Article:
Bi-fuel generators start up using 100% diesel fuel. After certain criteria are met—such as acceptance of the electrical load—the generator’s controller introduces natural gas to the fuel mixture. The controller slowly reduces diesel fuel injection while adding natural gas, until the unit is running more on natural gas than on diesel fuel. It is common to see fuel spreads of 75% natural gas to 25% diesel fuel. If the load increases, more diesel fuel will be added to increase engine rpm and the natural gas will backed off. Natural gas will once again be increased when the load stabilizes.

Bi-fuel technology has been around for many years, but recent technology advancements have made it more reliable and efficient in power generation applications.

In most bi-fuel engine designs, the diesel fuel is introduced using existing injectors, while the natural gas is added through one of three proven techniques:

  • Low-pressure injection. Natural gas is injected via port injectors, so that it mixes with the air just before it enters the cylinder. This is done at moderate pressure—usually 50 psi or less. This approach requires installing individual natural gas fuel injectors onto the engine. Additionally, because many diesel engines use turbochargers to feed air into the engine, a gas compressor is required so that the natural gas injection pressure is higher than the boost pressure from the turbocharger. These extra components typically result in significantly higher costs.
  • High-pressure injection. The natural gas is delivered directly to the combustion chamber at the end of the compression stroke. This requires very high injection pressure—usually about 3,000 psi. Because it requires a sophisticated—and costly—fuel delivery system, it is more commonly used in very large applications, such as municipal prime power.
  • Combustion air gas integration. Sometimes referred to as fumigation, natural gas is introduced into the engine’s air intake, right before the turbocharger, at a very low pressure—usually 5 psi or less. The turbocharger then ensures that there is a good air-to-gas mixture going into the combustion chamber. No engine modifications are required, so system costs are minimized. Additionally, advanced microprocessor, sensor, and actuator technologies economically provide precise and responsive system control. This approach has seen the broadest application in the standby power market.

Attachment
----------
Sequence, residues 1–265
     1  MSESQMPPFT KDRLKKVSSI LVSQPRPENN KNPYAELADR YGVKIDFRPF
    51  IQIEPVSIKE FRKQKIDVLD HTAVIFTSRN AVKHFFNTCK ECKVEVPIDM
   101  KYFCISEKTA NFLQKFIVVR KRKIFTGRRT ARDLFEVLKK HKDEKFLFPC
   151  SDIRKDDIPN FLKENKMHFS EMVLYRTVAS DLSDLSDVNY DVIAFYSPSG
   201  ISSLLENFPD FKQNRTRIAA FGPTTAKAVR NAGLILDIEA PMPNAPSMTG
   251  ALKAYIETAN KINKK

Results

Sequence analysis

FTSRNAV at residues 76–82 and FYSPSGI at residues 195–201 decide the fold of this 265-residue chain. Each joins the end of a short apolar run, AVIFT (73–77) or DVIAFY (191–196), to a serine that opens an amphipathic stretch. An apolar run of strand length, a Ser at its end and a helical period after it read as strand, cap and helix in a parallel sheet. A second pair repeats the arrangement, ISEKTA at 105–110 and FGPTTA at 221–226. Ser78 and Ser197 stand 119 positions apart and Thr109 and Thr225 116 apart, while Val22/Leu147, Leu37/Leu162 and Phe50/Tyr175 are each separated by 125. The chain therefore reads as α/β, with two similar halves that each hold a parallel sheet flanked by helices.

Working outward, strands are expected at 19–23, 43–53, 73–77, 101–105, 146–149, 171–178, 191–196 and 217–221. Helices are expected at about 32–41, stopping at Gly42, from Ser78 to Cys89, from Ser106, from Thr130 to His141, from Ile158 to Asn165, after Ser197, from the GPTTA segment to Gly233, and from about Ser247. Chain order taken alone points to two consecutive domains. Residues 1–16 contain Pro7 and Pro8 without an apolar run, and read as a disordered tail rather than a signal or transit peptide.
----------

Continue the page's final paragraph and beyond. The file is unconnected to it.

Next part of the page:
Bi-fuel generators capitalize on the reliability benefits of both diesel and gaseous fuel while minimizing their respective drawbacks. For example, generator running times are extended while on-site fuel storage requirements are decreased. This is because natural gas, not diesel, is the predominant fuel in a bi-fuel system. Assuming a typical fuel ratio of 75% natural gas to 25% diesel, you can spec a bi-fuel unit with a diesel tank sized for 24-hour continuous operation at full load and expect a running time of about seven days.

Additionally, because on-site fuel remains part of the system, reliability is improved. Should the natural gas supply fail—because it was shut off at the utility or was otherwise interrupted—the generator can run on 100% diesel.

Maintenance costs are reduced as well. Testing has shown that bi-fuel engine oil remains cleaner compared to an engine running on straight diesel, thanks to the clean burning characteristics of natural gas. More importantly, though, the cost of diesel fuel maintenance is reduced because less fuel is stored on site.


Designing a standby power system for a data-intensive application requires not only the right generator for the load requirements but also the most reliable fuel available. Fortunately, you have several options at your disposal—diesel, gaseous, and bi-fuel. You should understand the reliability issues of all these options before consulting with the AHJ to determine which fuel choice will best meet its definition of reliability while simultaneously meeting the needs of your customer.

– Barbersek is power solutions manager for Generac Power Systems with more than 25 years of experience in the energy industry. He has served in the United States Navy, where he completed Electrician’s Mate “A” School, and is a member of IEEE, 7×24 User Group, EGSA, and the North Carolina Healthcare Engineering Assn.